Campaigners welcome moves to abolish ‘third verdict’ but some lawyers urge caution, warning of an ‘experiment with justice’
When she unveiled her 2022-23 Programme for Government at the beginning of September, First Minister Nicola Sturgeon delivered three little sentences that have the potential to completely revolutionise the Scottish justice system.
“We will introduce a Criminal Justice Bill,” she said. “Amongst other measures, this bill will provide for the abolition of the not proven verdict. Presiding Officer, if approved by parliament, this will be a change of truly historic significance in Scotland, and one firmly intended to improve access to justice for victims of crime.”
The not proven verdict has long proved controversial, with critics saying it gives uncertain juries a get-out — especially in sexual offences cases, where the burden of proof is notoriously difficult to ascertain — while at the same time leaving exonerated accused with a mark against their name.
Though it is a verdict of acquittal with exactly the same function as not guilty, there is thought to be confusion among the public that it is just another way for juries to say, ‘we think you did it, but are unable to prove it’. Indeed, when he launched the Scottish Government’s not proven consultation last December, Justice Secretary Keith Brown noted that research had highlighted “inconsistent views on the meaning and effect of the not proven verdict and how it differs from not guilty”.
For victims of sexual crime that has proved devastating. Campaigner Miss M famously brought a successful civil action to prove she had been raped after her attacker was acquitted with a finding of not proven in the criminal courts. She said she was moved to do so because the criminal case brought her no closure, particularly as no one around her could articulate or understand what not proven meant. That, she said, felt hugely damaging.
Nor is she the only survivor of sexual assault to feel that way. The charity Rape Crisis Scotland carries on its website testimonials from other woman who saw their cases dismissed with a finding of not proven, with a common thread being that they felt let down by the sense their jury believed them, but just not enough. “I feel like the jury took the ‘easy way out’,” said one. “I’m essentially being believed about what happened but that there will be no consequences,” said another.
Along with Miss M, Rape Crisis Scotland has campaigned for Scotland’s third verdict to be abolished since 2018. Its chief executive Sandy Brindley welcomed Sturgeon’s announcement, saying it “could make a real and lasting difference to people in Scotland seeking justice after rape”, which has the lowest conviction rate of any crime in Scotland.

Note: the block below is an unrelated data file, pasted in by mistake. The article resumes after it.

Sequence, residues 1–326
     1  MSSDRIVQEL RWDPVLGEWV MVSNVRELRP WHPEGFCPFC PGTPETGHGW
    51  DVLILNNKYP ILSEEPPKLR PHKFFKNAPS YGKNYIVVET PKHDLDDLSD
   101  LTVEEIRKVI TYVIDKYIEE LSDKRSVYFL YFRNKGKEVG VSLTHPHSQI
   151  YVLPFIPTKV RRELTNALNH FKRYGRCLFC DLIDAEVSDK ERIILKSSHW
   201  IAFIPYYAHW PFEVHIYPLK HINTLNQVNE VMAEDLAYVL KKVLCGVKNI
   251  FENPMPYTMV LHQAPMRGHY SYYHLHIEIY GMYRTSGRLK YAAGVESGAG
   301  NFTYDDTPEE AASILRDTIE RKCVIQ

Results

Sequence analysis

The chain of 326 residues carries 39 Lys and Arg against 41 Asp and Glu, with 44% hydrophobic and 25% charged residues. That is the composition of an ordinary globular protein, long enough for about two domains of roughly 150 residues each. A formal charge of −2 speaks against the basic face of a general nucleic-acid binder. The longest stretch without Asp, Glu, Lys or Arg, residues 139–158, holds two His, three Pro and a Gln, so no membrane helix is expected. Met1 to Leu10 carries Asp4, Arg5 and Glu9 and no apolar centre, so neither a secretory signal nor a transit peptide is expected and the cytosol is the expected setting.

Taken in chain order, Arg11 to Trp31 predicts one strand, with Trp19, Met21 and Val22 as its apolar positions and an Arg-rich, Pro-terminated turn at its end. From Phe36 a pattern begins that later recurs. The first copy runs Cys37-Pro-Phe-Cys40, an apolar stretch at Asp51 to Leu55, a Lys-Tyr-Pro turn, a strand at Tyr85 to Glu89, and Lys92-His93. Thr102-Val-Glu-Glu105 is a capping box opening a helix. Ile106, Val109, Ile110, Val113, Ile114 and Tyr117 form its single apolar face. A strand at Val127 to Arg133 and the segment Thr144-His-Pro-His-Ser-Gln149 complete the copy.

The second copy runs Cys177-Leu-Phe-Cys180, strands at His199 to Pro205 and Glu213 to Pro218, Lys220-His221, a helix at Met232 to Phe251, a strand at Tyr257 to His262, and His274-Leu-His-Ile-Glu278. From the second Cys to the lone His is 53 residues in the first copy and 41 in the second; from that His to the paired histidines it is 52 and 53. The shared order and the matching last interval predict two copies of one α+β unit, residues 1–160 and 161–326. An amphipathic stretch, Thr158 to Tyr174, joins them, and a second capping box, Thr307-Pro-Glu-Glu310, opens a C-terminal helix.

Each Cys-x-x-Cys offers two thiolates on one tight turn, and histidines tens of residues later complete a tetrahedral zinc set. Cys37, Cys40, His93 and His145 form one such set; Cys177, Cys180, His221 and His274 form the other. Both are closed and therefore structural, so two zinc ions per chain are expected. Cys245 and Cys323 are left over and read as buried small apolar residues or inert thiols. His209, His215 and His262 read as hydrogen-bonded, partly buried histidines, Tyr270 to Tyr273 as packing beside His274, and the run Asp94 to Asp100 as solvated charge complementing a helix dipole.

Not everyone shares her enthusiasm, though, with lawyers in particular opposed to making such a seismic change to the legal system. In its response to the Scottish Government consultation on the issue, the Society of Solicitor Advocates said removing the safeguard against wrongful conviction that the third verdict provides would “represent an experiment with justice and run the risk of miscarriages”.
The Scottish Solicitors Bar Association agreed, noting that “there is no evidence to suggest there have been any miscarriages of justice resulting from the current three-verdict system”. “Any change involves essentially experimenting with people’s liberty,” it added. The Law Society of Scotland and Faculty of Advocates similarly agreed.
However, while it may seem natural that defence solicitors and advocates would be opposed to any change that might make it harder to secure acquittals for their clients, Tony Lenehan, chair of the Scottish Criminal Bar Association, said the reality is far more nuanced.
“I think we’re less emphatic about it than people expect,” he said. “It’s about keeping a balance which avoids the risk of innocent people going to jail. Scotland is the only system I’m aware of where a single vote tips the balance from guilty to not guilty. It’s been recognised that the existence of the third verdict operates as a safeguard for those marginal cases.
“So, we’re not convicting people on poor evidence: what we insist on is that you keep the balance point the same – if you remove that safeguard then you must look at a qualified majority. If you slide one measure one way, then you have to slide another measure the other way. The gut feeling I have is that some people want to simply slide the balance out one way, so more people are convicted on poor quality evidence.”
Respondents to the Scottish Government’s consultation on not proven were less emphatic about wanting to see majorities change than they were on wanting the third verdict abolished. Indeed, while 62 per cent favoured a move to a two- verdict system only 52 per cent said they would support a qualified majority of some kind while just 13 per cent said they would favour a system like the one used in England and Wales, where just 12 jurors sit and a majority of 10 is required to convict.
Change of some kind is afoot. A government spokesperson said the intention is that the Criminal Justice Bill will be introduced this parliamentary year and that it will include “the ambition to abolish the not proven verdict in criminal trials in Scotland”, with the government favouring guilty and not guilty over proven and not proven because they are “considered to be unambiguous and easier to understand”. But reform of the system will be required before any changes to the detail can be made and on that point the timetable is decidedly unclear.
“The Scottish jury system is a complex, inter-related system; therefore it is right that we give careful consideration to accompanying reforms to ensure the system is balanced and there is justice for both complainers and the accused,” the spokesperson said.
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